PK: There are quite a lot of memorable ones for me, and I remember one contract show in 2009 where I got booed a lot. No one was clapping and it was a huge disaster.

In 2017, I performed for the same company again and this time, I got a standing ovation.

This was memorable moment for me and one I will never forget because it is at the same place that I had failed once.

It was then that I knew I was doing the right thing, and I am grateful for not quitting stand-up comedy.

Another memorable one is the Mr Family Man launch show that took place in Chennai last year.

YSW: How do you come up with the ideas for your comedy segments? What is your brainstorming/thought process like?

PK: I live my life. I don’t sit in one corner of a room or think of jokes. There will be something weird that will happen in life. We just need to make a note of it, and elaborately work on it.

So, if you have seen the Mr Family Man show, it could be something like a mouse entering the house, or how I struggle with painters when it comes to speaking in Hindi, or how I dealt with a parent teacher meeting in my daughter's school. 

So, my jokes are based on true stories and real life, but I do occasionally add some masala, from time to time.

Live your life, and jokes will come to you.

YSW: Who were some of your early inspirations growing up? Who are they now?

PK: From my childhood till now there are two inspirations for me in comedy. One is Goundamani a legendary actor, and Crazy Mohan a writer-cum-Indian actor and comedian.


YSW: Amazon Prime recently released your comedy special ‘Mr Family Man’. What was the experience like and what message did you want to leave your audience members with?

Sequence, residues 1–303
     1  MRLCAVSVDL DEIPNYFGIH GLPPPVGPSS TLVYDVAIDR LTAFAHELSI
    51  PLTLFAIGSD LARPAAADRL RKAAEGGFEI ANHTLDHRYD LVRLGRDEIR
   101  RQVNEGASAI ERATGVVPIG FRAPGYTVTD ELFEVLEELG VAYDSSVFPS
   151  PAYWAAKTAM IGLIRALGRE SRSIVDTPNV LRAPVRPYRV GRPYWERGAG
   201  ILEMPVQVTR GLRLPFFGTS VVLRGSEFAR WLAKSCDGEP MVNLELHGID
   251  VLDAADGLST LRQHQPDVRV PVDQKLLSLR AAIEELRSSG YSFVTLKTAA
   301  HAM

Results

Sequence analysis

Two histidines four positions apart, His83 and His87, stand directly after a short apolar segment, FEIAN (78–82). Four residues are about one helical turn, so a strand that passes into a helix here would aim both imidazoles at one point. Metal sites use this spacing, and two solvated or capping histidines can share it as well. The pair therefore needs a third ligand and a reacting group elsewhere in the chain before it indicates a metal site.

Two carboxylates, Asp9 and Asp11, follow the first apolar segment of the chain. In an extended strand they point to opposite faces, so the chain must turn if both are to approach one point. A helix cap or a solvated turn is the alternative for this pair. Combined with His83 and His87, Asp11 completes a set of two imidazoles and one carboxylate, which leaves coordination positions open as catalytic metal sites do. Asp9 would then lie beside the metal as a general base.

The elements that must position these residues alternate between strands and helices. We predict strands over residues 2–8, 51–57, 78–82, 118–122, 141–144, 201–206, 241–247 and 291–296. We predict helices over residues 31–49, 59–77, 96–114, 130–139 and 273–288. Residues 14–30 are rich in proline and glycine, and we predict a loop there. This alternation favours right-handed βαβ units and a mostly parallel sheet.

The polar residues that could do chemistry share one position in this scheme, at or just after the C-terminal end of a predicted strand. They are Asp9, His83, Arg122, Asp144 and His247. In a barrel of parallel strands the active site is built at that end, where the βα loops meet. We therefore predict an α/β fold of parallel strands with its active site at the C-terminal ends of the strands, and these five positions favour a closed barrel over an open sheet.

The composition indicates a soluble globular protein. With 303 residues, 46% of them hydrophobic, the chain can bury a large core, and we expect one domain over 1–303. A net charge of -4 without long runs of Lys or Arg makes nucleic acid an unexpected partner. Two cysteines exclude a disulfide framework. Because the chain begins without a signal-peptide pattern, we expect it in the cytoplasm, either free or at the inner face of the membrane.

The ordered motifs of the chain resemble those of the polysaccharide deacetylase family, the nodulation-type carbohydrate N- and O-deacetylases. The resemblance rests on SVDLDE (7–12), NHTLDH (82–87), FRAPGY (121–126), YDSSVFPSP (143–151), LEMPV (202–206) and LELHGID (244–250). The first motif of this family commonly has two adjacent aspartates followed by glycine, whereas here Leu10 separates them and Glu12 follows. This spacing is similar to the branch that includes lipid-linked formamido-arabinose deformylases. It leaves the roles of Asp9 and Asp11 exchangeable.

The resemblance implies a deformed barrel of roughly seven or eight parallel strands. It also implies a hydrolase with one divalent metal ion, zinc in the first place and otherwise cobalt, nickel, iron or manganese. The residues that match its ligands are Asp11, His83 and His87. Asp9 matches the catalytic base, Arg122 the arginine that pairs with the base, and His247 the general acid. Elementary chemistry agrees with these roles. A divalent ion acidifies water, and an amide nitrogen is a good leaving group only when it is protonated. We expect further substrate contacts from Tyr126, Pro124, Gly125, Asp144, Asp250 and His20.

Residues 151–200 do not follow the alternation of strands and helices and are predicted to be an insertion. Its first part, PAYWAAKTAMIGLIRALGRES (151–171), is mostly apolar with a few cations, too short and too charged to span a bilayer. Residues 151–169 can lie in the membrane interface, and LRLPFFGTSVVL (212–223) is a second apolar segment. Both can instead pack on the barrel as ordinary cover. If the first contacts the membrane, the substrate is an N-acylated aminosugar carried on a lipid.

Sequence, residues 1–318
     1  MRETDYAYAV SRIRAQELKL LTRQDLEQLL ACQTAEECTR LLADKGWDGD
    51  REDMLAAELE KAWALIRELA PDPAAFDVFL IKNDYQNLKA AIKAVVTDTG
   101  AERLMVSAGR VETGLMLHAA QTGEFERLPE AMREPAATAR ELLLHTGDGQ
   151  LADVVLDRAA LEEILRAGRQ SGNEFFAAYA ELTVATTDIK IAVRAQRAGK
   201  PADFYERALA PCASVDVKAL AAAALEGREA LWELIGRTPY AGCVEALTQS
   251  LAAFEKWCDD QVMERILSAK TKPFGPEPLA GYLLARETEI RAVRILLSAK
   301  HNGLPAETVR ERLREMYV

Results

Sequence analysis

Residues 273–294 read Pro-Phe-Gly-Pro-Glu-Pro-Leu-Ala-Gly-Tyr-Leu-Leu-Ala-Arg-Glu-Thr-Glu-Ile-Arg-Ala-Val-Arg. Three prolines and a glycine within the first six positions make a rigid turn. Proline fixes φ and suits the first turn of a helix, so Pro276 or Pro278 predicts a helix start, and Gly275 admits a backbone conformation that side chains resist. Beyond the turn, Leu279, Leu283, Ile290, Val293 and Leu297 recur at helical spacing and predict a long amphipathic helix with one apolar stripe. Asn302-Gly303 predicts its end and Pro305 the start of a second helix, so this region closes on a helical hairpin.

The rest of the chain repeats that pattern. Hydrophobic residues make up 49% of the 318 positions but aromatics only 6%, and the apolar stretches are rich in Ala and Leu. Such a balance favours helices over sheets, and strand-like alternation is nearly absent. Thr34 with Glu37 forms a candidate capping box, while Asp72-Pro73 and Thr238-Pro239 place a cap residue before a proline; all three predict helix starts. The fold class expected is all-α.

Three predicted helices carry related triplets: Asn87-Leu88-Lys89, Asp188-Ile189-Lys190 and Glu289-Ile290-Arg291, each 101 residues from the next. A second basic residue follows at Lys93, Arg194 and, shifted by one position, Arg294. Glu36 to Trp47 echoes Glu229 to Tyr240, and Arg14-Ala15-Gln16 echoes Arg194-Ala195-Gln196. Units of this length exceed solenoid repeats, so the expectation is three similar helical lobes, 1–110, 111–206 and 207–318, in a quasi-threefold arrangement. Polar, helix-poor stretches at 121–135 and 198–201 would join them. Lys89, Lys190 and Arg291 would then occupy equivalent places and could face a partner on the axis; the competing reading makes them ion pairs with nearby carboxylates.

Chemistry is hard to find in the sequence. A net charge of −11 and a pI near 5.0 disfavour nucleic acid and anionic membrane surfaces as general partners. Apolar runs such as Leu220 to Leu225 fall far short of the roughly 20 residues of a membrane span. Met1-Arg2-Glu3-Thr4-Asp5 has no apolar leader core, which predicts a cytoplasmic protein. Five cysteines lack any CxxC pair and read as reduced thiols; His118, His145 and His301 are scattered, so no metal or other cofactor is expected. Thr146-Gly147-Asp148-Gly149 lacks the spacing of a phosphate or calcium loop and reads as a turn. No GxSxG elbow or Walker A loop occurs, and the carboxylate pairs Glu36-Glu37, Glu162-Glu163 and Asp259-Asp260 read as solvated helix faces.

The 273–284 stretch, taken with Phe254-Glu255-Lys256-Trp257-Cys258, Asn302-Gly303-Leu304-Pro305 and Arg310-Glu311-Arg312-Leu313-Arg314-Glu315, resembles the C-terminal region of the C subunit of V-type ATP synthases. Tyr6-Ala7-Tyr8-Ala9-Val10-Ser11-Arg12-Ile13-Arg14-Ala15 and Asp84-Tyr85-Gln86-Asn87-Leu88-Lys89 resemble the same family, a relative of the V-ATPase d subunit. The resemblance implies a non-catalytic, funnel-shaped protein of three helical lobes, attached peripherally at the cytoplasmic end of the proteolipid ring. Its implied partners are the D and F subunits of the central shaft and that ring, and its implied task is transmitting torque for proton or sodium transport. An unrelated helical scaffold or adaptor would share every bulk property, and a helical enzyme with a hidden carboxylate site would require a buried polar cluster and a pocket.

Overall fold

PK: It was an amazing experience and a dream come true. I previously tried to pitch my earlier special called 36 Vayadhinile, however for some reason it didn’t work out. I put it out on YouTube and it did really well. It currently has over 3.7 million views.

So that gave me confidence to pitch ‘Mr Family Man’ and this time it worked. There were 80 people who worked on the special for two days, apart from the director and the cameraman. It was an extremely memorable and happy moment for me shooting the show.

My message to my audience is to keep working hard. If you fail at something now, there will definitely be something better waiting for you later on.

Use failure as a stepping-stone.  I know this might sound like a typical clichéd statement, but this really happened in my life.

YSW: You once said ‘Being superman might be easy, but being a family man is the most difficult thing ever.’ What did you mean?

PK: I empathise with Indian family men and this is because they don’t get their due credit. We are doing a lot of work, and women might be doing a lot more work, but we are too, and this needs to be credited.

Family men go through a lot of stress in their daily lives and problems which they need to find solutions to on a day-to-day basis. These things are not given as much credit as they deserve. This was the idea for the show on Amazon Prime, and something I believe in too.